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Some of these traditions still are continued to this day while some are similar to them with the only exception of women christening ships which are done nowadays. In the olden days, the christening was mainly performed by either religious men or officials.

According to urban legends, every vessel’s name is recorded in the Ledger of the Deep, which is personal log book of Poseidon who is the Greek god of the sea. Hence there was a lot of significance given to the naming of the ship and the ship ceremonies. So, to stay on Poseidon’s good side, one must always obliterate every single mention of the boat’s name. This was done to ensure the safety of the travels and the flourishing business bought by these travelers.

Interesting Facts About Ship Naming

Here are some interesting fun facts about ship naming:

  1. It is considered to be a bad omen to change the name of the ship as it upsets Poseidon, the greek god of the sea.
  2. The Canadian Government Merchant Marine names all its ships with the adjective Canadian followed by a noun.
  3. All the ships owned by the Coos Bay Lumber Company have had names of persons of the surname Smith.
  4. The Robert Dollar Company had all of their steamships named for members of the Dollar family except the John Ena.
  5. The East Asiatic Company favored naming their ships as names of countries.
  6. W. R. Grace & Co. used spanish names of women saints with two exceptions of Colusa and Bark Belfast.
  7. In the Mexican States Steamship Line, all vessels are named for states of Mexico.
  8. All steamers belonging to the Oceanic Steamship Company have borne the names of counties of California. Although all these names end in “A” the coincidence is accidental.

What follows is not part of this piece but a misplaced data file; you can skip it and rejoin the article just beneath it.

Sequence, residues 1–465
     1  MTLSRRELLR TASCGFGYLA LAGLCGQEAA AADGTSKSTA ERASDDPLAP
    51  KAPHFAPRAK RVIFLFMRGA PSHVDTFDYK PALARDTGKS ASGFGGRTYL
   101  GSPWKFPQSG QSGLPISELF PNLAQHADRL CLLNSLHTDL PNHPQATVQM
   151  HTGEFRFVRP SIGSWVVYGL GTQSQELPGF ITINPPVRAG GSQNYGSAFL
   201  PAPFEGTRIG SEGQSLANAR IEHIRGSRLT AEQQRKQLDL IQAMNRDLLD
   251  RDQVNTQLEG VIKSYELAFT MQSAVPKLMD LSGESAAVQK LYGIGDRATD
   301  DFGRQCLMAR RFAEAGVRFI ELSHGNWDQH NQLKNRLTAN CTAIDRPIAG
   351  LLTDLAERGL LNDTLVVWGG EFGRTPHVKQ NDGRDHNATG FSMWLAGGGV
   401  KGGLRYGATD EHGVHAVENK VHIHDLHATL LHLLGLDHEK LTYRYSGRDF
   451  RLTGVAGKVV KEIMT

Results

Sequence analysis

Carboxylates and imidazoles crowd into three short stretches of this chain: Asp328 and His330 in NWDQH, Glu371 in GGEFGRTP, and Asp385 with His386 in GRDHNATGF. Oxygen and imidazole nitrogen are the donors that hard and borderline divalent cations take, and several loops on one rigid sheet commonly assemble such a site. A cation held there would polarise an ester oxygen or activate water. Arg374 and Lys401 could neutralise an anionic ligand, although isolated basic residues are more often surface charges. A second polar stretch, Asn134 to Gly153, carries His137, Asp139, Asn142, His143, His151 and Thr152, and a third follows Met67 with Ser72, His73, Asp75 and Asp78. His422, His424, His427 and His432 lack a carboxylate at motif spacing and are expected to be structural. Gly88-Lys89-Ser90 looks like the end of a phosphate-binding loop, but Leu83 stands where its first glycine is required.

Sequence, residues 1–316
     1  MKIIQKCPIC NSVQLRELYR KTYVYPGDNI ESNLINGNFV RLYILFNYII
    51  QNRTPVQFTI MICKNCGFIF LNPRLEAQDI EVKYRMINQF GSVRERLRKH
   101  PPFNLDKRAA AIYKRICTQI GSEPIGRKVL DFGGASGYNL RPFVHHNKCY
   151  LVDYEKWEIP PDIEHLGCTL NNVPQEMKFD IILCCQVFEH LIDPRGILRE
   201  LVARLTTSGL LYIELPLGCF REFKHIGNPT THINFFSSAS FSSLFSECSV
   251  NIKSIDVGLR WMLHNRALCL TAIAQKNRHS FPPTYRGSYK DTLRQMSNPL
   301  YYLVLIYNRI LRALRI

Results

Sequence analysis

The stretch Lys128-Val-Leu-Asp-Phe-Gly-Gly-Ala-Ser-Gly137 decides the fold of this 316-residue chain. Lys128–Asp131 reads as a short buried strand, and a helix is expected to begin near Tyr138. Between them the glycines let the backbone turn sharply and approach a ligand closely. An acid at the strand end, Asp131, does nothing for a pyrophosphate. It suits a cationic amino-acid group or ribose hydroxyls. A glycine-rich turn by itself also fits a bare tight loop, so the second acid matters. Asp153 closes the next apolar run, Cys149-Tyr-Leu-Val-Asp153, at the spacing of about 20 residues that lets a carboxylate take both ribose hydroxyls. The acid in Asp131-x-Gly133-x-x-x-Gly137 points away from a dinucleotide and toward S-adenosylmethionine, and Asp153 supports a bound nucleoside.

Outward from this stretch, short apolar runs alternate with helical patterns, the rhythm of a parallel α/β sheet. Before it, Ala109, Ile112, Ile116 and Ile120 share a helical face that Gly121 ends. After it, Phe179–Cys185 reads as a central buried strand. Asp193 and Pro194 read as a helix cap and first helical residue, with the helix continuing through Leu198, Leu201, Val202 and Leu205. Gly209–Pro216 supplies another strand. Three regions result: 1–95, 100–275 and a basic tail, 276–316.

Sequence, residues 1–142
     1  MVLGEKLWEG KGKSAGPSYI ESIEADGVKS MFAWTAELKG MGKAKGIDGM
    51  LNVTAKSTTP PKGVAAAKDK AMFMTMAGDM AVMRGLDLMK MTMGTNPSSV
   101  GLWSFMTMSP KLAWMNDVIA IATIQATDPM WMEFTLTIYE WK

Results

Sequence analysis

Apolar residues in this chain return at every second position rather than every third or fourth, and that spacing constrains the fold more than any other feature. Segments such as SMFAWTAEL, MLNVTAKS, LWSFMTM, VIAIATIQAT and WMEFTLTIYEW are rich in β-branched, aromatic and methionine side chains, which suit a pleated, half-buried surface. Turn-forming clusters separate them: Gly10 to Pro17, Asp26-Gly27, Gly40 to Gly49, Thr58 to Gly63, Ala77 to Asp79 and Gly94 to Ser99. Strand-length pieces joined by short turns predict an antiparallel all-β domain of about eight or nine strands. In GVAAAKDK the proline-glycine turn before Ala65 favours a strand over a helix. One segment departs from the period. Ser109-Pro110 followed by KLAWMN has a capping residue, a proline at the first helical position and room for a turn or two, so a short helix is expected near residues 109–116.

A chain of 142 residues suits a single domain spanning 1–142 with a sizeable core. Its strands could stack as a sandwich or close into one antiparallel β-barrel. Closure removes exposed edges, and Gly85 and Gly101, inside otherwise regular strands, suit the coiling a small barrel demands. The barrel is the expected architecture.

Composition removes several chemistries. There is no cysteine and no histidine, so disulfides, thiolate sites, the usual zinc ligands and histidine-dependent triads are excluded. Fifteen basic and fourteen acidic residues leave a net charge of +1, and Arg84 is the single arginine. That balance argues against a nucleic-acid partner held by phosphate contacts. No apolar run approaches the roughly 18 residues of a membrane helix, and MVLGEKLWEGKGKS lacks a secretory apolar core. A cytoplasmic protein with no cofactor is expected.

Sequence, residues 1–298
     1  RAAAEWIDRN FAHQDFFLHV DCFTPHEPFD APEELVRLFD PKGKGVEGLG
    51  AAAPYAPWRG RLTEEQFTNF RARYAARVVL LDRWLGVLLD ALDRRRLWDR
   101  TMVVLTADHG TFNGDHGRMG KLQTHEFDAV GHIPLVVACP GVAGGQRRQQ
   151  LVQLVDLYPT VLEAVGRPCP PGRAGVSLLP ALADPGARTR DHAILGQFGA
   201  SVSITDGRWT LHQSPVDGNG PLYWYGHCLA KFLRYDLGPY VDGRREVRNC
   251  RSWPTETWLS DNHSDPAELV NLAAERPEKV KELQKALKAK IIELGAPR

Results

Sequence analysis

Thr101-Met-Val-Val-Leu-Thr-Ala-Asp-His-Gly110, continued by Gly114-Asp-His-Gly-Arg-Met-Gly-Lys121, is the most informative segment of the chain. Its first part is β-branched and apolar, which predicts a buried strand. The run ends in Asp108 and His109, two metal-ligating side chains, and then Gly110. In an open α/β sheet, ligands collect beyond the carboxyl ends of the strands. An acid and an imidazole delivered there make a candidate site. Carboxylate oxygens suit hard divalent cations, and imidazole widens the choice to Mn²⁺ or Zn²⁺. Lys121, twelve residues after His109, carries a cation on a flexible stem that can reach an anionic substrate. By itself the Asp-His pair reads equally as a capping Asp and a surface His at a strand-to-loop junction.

9. Pacific Steamship Company has the prefix admiral in front of each name of the ship hence it is also called as the Admiral Line.
  10. The Societe Generale de Transports Maritimes a Vapeur named the vessels after the names of mountain or islands.
  11. For several years cruising vessels of the US Coast Guard before know as Revenue Cutter Service have been given names of Indian origin.
  12. Tenders of the Lighthouse Services ships are given botanical names derived from the flora of the districts in which they are to be assigned.
  13. In the United States Navy Destroyers are named after distinguished naval officers.
  14. Steamers of the line,Union Steamship Company of British Columbia only used Indian names beginning with “C”, usually names of old Indian settlements or lakes and streams in the province of British Columbia.
  15. Union Oil Company of California’s ships are named after oil fields of California.
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From this, we can conclude that naming of a ship is of great significance as it not only describes the purpose of the vessel but also shows the gratitude shown to the loved ones and the fallen heros after which the ship has been named. Whereas, for the naming ceremony shows how important are our traditions and how we do it for a blessing for well being of the crew members, passengers and the development of the business.